As any comedian—or anyone who’s ever been asked to give a wedding speech—knows, if you have to tell the audience you’re joking, you’re not funny. At all. But in the Post-Barry Blitt-New Yorker-Cover world ("7/21, Never Forget"), every joke suddenly requires a rim-shot and a "waka-waka" lest someone, somewhere get offended by something. If Blanche Knott were still alive, she’d probably kill herself by choking on a rubber chicken. (Get it?!)
The New Yorker‘s Hendrick Hertzberg seemed to anticipate this new post-funny era in his "Comment" in this week’s issue of the magazine:
With that in mind, here are a few examples of people taking obvious jokes and pointing them out to humorless readers, rendering them unfunny:
- Today on The New York Times‘ Caucus blog, Michael Powell writes:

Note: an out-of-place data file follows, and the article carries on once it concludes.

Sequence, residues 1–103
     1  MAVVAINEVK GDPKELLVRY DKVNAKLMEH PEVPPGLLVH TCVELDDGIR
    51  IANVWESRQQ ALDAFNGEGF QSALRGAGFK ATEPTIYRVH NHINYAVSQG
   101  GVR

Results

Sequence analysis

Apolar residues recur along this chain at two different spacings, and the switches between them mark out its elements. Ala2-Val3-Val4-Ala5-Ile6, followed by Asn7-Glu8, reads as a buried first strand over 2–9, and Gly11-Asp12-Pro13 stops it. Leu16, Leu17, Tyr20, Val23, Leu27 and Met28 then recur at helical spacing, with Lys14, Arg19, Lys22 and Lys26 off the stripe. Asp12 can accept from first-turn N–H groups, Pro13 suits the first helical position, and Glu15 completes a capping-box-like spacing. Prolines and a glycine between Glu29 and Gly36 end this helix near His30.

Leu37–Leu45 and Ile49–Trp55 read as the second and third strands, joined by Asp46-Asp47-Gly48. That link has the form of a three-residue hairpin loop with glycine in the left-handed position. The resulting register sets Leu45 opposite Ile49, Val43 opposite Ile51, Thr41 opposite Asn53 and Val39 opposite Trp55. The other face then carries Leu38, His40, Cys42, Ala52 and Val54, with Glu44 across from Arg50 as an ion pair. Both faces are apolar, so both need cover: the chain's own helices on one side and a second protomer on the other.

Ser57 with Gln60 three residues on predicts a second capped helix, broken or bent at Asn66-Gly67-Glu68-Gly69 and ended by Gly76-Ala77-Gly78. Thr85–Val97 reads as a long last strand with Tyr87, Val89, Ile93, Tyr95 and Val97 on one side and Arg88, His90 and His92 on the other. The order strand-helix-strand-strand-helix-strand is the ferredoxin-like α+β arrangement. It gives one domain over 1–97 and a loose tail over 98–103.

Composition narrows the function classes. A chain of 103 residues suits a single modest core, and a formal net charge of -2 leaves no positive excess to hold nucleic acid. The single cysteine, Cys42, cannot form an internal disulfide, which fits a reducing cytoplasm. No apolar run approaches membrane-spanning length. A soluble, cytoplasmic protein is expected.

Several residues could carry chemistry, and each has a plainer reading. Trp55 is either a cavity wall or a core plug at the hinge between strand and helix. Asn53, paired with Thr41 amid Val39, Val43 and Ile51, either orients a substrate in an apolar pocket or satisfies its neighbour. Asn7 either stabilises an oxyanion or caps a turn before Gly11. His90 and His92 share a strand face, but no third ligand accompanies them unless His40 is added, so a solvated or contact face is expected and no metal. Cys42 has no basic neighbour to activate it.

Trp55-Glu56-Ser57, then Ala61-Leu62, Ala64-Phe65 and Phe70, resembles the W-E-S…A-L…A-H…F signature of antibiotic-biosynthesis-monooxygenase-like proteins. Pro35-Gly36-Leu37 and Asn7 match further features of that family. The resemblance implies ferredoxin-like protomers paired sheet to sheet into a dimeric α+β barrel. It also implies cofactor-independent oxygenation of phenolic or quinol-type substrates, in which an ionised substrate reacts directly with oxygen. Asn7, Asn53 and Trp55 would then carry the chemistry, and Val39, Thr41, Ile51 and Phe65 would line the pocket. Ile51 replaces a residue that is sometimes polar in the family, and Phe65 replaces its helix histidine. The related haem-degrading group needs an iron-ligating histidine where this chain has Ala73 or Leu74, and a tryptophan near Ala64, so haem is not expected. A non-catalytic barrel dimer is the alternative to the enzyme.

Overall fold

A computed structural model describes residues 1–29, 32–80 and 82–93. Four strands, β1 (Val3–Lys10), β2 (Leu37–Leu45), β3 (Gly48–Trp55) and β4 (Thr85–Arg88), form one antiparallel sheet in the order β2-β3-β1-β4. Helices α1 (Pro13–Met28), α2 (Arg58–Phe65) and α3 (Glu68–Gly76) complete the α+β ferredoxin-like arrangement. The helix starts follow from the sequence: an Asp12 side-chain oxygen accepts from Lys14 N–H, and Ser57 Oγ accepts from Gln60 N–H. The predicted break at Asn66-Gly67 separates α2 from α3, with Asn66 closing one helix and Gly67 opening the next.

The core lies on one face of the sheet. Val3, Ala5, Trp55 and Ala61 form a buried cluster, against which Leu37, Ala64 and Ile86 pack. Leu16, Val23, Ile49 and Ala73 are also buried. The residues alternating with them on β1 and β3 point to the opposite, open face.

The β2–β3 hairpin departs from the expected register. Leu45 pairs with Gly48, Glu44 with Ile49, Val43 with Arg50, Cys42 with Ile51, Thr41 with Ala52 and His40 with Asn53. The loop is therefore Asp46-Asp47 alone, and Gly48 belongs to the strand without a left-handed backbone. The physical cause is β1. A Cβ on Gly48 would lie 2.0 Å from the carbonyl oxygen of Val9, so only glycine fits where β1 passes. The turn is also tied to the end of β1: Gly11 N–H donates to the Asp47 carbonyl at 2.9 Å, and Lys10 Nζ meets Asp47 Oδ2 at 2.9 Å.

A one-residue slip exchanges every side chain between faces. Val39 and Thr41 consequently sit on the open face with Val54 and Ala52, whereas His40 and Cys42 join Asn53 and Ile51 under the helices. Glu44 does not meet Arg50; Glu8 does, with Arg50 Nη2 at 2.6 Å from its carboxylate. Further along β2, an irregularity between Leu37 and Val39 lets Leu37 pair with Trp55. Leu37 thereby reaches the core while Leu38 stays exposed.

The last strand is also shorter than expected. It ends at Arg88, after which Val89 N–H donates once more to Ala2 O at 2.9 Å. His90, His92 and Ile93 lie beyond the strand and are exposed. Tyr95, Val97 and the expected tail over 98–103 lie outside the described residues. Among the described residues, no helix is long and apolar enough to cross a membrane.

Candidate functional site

SPRINGFIELD, Mo. — Barack Obama, genealogical gunslinger?The Democratic candidate today invoked a distant — possibly apocryphal — cousin, Wild Bill Hickok, and suggested that he and John McCain forget the dreary debate-about-where-they-will-debate and just strap on six-shooters and meet at 60 paces.(Note to the literal minded: The candidate was joking. We think.)
- Last week, ABC News’ Teddy Davis and Gregory Wallace quoted Minnesota Governor Tim Pawlenty explaining that his wife doesn’t actually call him "Forty-Five" (you know, as in 45th president): "She never did. Now that was a joke… [RNC chairman] Ken Mehlman said that in an introduction as a joke. She never said that. It got translated by bloggers into something that had actually been said."
- On July 17th, The Times‘ TV Decoder blogger Brian Stelter used this headline for a story on the Emmy nominations: "Emmy Nominations: They Give Awards to Reality Shows? (Just Kidding, ‘The Amazing Race’ Is Outstanding)."
Explaining these jokes is awkward and unfortunate, but it’s probably helpful for your mama, who’s so slow it takes her two hours to watch 60 Minutes.